Is there any way to find out from terminal which process is causing high CPU Usage ?

It would also be useful to order processes in descending order of cpu Usage

up vote 19 down vote accepted

top will display what is using your CPU. If you have it installed, htop allows you more fine-grained control, including filtering by—in your case—CPU

  • 2
    Top is often less than useful. First because processes often fluctuate - it's not unusual to see process that is completely occupying the cpu occasionally flicker to 0% in top, and if you have multiple intensive processes running they can alternate, taking turns to use 100% while the other uses 0%, making it hard to read. Also, sometimes the numbers are just strange - e.g. right now my top is reporting that all individual processes are using 0% cpu, but the total is 52% - so which one is doing it? – Benubird Sep 23 '15 at 7:18
ps -eo pcpu,pid,user,args | sort -k1 -r | head -10

Works for me, show the top 10 cpu using threads

  • Reverse lexicographically, 8% would sort above 78% – cherdt Aug 3 '17 at 16:42
  • 2
    I would recommend adding a -n to sort. It sorts the values numerically instead of lexically. (ss64.com/bash/sort.html) – Simon Zyx Nov 8 '17 at 10:38

You can probably use ps xo pid,cmd --sort=%cmd | tail -1, but top will show in real time.

In addition to ps and top commands, you can also run vmstat to figure out what is happening in terms of CPU, memory usage on the system, i.e.:

vmstat 1 100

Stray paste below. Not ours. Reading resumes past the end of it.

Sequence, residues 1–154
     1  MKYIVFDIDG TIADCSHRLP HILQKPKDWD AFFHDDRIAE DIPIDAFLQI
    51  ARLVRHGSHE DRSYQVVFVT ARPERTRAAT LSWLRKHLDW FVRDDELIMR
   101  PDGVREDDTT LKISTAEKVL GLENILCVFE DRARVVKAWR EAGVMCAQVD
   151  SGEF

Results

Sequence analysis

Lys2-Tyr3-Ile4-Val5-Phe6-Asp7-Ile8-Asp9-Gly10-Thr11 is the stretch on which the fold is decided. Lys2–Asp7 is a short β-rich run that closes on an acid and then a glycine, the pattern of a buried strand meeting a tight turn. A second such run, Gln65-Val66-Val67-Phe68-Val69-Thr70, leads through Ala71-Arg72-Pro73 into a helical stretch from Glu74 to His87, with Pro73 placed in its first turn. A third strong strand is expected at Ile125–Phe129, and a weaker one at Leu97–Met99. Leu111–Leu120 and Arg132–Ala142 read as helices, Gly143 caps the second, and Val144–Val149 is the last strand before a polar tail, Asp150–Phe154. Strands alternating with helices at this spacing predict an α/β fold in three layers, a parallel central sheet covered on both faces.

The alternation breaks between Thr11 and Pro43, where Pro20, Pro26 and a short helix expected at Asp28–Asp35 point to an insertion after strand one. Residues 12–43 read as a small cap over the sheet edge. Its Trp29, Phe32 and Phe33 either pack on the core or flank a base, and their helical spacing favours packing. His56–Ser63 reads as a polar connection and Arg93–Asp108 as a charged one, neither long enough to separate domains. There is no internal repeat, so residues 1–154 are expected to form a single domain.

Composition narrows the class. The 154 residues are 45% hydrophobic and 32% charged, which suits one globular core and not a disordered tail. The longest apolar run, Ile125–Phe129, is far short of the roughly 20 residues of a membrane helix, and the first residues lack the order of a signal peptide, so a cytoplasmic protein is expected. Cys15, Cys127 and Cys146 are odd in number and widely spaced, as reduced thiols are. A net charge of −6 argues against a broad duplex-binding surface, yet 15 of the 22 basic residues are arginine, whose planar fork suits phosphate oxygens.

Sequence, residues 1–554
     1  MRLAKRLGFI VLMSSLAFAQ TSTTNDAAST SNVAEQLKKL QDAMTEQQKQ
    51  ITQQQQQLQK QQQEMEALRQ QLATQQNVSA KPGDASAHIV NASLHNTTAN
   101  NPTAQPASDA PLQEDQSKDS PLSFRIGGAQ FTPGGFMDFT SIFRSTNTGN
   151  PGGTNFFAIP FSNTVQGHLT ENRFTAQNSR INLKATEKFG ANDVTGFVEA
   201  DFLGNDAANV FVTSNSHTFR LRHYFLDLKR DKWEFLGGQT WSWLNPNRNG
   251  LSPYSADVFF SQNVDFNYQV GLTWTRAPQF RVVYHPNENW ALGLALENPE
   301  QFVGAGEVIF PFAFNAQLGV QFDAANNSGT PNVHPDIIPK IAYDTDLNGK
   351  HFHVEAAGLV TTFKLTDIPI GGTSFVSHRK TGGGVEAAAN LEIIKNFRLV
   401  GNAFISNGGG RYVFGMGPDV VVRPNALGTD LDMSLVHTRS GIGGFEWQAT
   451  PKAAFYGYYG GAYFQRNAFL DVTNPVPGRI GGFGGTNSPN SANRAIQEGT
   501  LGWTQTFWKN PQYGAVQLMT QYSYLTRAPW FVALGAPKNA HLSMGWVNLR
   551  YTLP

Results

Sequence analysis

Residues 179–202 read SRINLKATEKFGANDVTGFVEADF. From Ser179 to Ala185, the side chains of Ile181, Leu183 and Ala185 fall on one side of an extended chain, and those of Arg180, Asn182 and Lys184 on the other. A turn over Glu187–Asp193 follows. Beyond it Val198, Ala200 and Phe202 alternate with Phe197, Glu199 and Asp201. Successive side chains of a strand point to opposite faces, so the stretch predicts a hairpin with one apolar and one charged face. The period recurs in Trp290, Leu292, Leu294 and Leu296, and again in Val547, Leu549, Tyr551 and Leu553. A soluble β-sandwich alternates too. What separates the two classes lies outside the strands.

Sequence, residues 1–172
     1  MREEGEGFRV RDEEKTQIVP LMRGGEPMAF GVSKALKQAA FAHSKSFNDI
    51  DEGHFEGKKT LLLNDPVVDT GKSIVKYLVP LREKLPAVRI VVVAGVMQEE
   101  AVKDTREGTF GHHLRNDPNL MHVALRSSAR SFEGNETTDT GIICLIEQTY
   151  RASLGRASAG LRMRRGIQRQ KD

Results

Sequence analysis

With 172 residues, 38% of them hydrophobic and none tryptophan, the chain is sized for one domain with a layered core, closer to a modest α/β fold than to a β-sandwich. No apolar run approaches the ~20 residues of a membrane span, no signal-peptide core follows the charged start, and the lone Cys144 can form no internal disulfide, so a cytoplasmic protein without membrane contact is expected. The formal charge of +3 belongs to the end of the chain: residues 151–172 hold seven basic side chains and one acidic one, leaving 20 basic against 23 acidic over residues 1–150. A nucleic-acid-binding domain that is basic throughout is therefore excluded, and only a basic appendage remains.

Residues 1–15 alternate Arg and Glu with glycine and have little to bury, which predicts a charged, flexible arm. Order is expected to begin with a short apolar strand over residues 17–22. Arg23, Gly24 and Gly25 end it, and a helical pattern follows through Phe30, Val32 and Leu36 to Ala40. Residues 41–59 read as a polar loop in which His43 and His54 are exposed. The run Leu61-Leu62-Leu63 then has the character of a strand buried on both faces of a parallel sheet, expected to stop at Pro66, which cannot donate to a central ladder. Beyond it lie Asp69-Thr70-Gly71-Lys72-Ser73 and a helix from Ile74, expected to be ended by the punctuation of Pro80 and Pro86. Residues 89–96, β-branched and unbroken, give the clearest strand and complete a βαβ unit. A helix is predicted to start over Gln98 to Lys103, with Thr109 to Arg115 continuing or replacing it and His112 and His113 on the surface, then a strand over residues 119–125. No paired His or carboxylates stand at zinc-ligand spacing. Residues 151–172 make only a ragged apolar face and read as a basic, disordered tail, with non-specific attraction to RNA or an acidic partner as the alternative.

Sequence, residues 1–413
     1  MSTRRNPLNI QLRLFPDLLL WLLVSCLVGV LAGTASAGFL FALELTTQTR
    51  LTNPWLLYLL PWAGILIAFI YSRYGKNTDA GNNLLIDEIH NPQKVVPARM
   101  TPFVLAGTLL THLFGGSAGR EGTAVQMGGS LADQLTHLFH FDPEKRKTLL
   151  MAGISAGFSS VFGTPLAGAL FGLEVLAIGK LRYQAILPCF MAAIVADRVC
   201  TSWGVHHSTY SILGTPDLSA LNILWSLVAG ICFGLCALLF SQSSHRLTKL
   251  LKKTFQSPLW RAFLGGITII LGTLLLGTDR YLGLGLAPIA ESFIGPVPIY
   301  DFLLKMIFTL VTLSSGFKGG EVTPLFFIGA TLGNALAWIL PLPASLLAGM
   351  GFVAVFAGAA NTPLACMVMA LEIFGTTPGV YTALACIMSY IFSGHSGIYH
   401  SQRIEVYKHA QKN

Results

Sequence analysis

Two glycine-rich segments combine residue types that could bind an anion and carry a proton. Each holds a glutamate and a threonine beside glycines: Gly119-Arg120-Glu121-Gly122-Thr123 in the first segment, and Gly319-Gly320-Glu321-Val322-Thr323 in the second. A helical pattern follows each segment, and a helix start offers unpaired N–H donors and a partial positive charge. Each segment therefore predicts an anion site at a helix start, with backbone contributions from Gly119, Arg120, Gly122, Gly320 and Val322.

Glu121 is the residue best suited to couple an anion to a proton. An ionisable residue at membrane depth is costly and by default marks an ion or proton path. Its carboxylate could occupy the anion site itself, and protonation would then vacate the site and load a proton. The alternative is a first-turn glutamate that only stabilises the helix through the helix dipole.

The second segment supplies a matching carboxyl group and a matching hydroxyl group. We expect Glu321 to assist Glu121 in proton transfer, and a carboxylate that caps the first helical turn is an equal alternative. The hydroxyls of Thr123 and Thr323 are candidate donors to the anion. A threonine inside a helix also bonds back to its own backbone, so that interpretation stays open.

With the above, you get 100 samples a second apart of various stats. When the r or b column has a number (higher = more resources used) there is a script that is blocking. r is CPU, b is generally IO blocking such as disk or network.

Example output:

$ vmstat 1 100
procs -----------memory---------- ---swap-- -----io---- -system-- ------cpu-----
 r  b   swpd   free   buff  cache   si   so    bi    bo   in   cs us sy id wa st
 0  0      0 288700  17592 1920048    0    0  4482  3297   47  155  8  2 78 12  0
 0  0      0 268420  17904 1920584    0    0   788    36 4095 4759 11  3 85  1  0
 0  0      0 269916  17940 1920868    0    0   108   560 6969 7280 11  2 86  1  1
 3  0      0 267684  18196 1921304    0    0   256     0 5934 6094  9  2 90  0  0
 0  0      0 257800  18196 1921528    0    0     0     0 5412 5508 10  1 89  0  1
 1  0      0 257368  18196 1922028    0    0     0     0 5852 6046  9  1 89  0  1
 0  0      0 256872  18200 1922236    0    0     0     0 5345 5566  9  1 90  0  0
 0  0      0 256688  18208 1922292    0    0     0  1788 5388 5602  7  2 90  1  1
 0  0      0 256520  18208 1922684    0    0     0     0 5387 5557  8  1 91  0  0
 1  0      0 255788  18208 1923024    0    0     0     0 4992 5363 10  1 89  0  1
 1  0      0 255392  18208 1923456    0    0     0     0 5027 5145 13  1 86  0  0
 0  0      0 254980  18208 1923792    0    0     0     0 5042 5082 21  1 77  0  1
 0  0      0 254452  18216 1924092    0    0     0  1848 5481 5695  7  1 91  1  1
 0  0      0 254416  18216 1924268    0    0     0     0 4947 5250  7  1 92  0  0
 1  0      0 253732  18216 1924616    0    0     0     0 5180 5383  8  2 90  0  1
 0  0      0 253584  18216 1924912    0    0    12     0 4464 4623  8  1 91  0  0
 0  0      0 243496  18216 1925224    0    0     0     0 5507 5700  9  1 90  0  1
 0  0      0 243008  18224 1925504    0    0     0  1356 5070 5345  8  1 90  0  1
 1  0      0 243220  18228 1925676    0    0     0     0 6241 6533 11  2 87  0  0

"htop" is similar to top, but has a "colourful text-based graphical" display of your CPUs, and also displays a tree structure to processes, so you know a process has a child and how many.

It also displays laptop battery power and whether it's charging - I didn't know that before!

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